Ride-sharing service Uber has agreed to increase the frequency of its criminal background checks of drivers in Colorado after state regulators discovered last year that the company failed to disqualify some drivers with felony criminal convictions.
The move is part of a settlement stemming from an $8.9 million fine levied by the state Public Utilities Commission in November. Uber, which also goes by the name Rasier, will not pay any of the original fine. Instead, it will spend about $2.4 million a year to do driver background checks annually, instead of every five years as the current law allows.
“These measures are agreed to and paid for by Rasier to attempt to provide an even greater level of safety and protection than that required by Colorado statute,” reads the proposed settlement, which goes before Administrative Law Judge Steven Denman on Oct. 29.
MORE: View the settlement.
Lawyers for the PUC declined to comment because the settlement is still pending, PUC spokesman Terry Bote said.
The increased background checks only affects Uber, not Lyft or other competitors, Bote confirmed.
On Tuesday, Uber shared a statement with The Colorado Sun, “We are committed to continuing to put safety at the heart of everything we do. We are proud to serve Colorado and will continue to invest in rider and driver-partner safety in the state and beyond.”
Uber said it had beefed up driver and passenger safety measures earlier this year, including rolling out annual criminal background checks for drivers in April nationwide.
“As part of that April announcement, we also revealed that we will go beyond annual background check reruns and are investing in technology that identifies new offenses,” said Uber spokeswoman Stephanie Sedlak, in an email. “Using data sources that cover most new criminal offenses, we will receive notifications about new offenses and leverage this information to help continuously enforce our screening standards. We will investigate and verify any potentially disqualifying information from public records, such as a new and pending charge for a DUI, to ensure the driver is still eligible to use Uber.”
The state fined Uber last fall after investigators discovered some of its drivers had moving violations, driver’s license issues or, in some cases, felony convictions that should have disqualified them from driving for Uber under state rules overseeing transportation network companies.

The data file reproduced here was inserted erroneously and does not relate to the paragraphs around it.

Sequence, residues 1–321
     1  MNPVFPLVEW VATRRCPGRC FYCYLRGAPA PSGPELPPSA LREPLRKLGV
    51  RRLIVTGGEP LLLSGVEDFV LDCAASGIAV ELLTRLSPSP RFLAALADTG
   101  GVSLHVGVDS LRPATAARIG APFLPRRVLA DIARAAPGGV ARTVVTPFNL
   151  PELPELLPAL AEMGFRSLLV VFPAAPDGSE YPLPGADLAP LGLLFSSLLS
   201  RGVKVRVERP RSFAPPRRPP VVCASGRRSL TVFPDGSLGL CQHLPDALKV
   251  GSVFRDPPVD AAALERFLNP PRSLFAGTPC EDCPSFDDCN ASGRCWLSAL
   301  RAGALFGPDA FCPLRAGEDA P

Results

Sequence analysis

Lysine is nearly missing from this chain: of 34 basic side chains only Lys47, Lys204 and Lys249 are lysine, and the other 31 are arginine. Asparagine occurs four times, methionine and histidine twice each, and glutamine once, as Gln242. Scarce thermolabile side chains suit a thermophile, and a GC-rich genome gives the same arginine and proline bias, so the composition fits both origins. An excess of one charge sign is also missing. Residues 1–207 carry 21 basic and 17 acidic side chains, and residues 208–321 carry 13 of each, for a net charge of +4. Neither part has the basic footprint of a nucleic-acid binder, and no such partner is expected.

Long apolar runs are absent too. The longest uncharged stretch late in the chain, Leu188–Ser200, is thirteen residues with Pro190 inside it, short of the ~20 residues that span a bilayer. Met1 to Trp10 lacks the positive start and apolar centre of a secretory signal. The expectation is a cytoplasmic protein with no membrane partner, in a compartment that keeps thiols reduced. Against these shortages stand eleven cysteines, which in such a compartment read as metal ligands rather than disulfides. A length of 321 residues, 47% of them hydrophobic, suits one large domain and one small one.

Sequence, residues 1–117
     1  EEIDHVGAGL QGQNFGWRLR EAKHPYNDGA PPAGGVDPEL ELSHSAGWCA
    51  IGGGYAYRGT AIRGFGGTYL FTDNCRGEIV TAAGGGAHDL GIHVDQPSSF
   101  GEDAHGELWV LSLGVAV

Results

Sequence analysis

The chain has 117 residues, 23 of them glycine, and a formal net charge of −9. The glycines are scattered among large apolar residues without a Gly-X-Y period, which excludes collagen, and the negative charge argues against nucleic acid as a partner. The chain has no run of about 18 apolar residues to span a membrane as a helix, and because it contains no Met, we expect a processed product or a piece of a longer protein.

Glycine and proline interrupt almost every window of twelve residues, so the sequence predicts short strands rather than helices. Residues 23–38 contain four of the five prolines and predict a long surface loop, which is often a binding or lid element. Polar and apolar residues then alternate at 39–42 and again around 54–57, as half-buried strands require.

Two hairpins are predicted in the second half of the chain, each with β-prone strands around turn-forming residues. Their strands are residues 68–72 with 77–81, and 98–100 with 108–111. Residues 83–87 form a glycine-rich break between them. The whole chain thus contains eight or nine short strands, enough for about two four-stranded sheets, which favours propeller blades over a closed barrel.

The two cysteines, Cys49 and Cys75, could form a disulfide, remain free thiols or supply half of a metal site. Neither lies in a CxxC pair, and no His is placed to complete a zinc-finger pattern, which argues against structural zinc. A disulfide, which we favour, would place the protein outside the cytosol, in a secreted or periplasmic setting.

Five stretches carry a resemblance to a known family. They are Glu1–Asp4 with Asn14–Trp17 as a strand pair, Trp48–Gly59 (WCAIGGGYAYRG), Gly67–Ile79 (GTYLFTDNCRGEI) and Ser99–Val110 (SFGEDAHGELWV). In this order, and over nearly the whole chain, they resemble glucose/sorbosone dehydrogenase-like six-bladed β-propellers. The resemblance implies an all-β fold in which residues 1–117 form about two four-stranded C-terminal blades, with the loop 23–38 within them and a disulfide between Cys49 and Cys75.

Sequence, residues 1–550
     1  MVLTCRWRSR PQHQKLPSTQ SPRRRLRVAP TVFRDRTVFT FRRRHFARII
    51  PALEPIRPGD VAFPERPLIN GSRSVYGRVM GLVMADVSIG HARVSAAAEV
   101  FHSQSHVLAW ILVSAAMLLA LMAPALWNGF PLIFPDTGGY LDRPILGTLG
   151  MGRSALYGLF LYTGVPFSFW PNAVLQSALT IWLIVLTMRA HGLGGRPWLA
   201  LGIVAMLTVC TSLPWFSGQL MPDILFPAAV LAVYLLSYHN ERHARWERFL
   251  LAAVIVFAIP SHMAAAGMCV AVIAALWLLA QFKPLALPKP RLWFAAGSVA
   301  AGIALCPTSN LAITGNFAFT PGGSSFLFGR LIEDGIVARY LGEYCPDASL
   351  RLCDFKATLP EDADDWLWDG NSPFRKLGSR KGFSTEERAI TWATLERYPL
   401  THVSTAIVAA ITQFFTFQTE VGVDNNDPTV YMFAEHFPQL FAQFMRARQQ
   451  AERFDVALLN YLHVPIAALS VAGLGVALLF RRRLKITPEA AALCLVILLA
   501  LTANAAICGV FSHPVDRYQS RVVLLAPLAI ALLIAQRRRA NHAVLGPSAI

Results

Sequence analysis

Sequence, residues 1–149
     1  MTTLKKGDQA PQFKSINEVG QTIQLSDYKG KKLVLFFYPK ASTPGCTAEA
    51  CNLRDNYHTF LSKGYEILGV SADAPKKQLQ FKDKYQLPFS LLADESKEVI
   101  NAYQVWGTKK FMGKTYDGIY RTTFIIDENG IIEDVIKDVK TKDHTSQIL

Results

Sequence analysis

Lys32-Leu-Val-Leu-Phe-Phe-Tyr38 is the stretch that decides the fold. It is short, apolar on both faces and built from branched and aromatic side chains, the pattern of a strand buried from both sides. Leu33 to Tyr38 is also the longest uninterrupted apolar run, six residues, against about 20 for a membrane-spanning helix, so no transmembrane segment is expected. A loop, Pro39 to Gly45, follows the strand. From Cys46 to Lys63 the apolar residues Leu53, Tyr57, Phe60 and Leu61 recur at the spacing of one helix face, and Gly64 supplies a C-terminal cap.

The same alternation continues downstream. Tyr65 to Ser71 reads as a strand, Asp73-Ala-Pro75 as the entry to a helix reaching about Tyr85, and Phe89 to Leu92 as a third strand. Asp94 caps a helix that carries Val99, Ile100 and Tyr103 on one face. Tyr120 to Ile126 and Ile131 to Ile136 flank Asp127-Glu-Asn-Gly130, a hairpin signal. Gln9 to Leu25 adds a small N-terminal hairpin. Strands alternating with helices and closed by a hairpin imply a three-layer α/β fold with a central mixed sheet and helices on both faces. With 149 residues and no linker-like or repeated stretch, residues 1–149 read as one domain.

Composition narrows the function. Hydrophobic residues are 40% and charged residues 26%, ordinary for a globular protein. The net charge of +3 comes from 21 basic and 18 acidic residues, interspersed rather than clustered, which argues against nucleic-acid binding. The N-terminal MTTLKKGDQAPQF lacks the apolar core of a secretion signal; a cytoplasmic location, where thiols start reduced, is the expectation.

Uber contested the charges, calling the fines excessive. If one driver had a violation, fines would accrue daily until that driver was removed. In May, about half of the 3,570 violations were dismissed by PUC staff. The fine was reduced to about $4.5 million.
In the new agreement, Uber’s background check will be conducted by third-party provider Checkr. No fingerprinting will be used, but Uber also tapped a company called Appriss for safety data to assist with continuous background checks.
According to the settlement, the new background checks will include the following:
- Prospective drivers must share their full name, date of birth, Social Security number and a copy of their driver’s license
- The driver’s driving history
- A criminal history check will include national, state and local databases, including the U.S. Department of Justice, National Sex Offender Public website, federal court records and “dozens of national and international watchlists used to flag suspected terrorists”
- If the applicant has a criminal history, Checkr will send an individual to double check court records in person or electronically
- The check will also include confirmed records under applicable laws, such as the Fair Credit Reporting Act
Uber will also make tools available to keep drivers and passengers safe. This includes an emergency button in the driver’s and rider’s app to alert area 911 dispatchers.
In the Colorado settlement agreement, Uber also said it will anonymize a rider’s pick-up and drop-off spot in the trip records so the driver no longer has a recorded history.
To help cut down on any driver distraction, Uber is testing hands-free pickups, allowing drivers to use their voice to accept trips and communicate with passengers through the app.
This story was updated at 1:42 p.m. on Oct. 2, 2018 with comments from Uber.
More from The Colorado Sun
- Michael Bennet proposes a $1 trillion climate change fund, wants net-zero U.S. emissions by 2050
- Sunriser: Colorado’s 20,669 gun deaths / Mushrooms as medicine in Denver? / Severe abortion law failed in Colorado (for now) / much more
- Will Colorado follow other states in enacting a gun-storage law after the STEM School shooting? Those conversations are happening
- With Denver’s vote on magic mushrooms, will Colorado anchor a psychedelic medicine revolution?
- Colorado considered an abortion law more severe than Alabama. It failed, for now.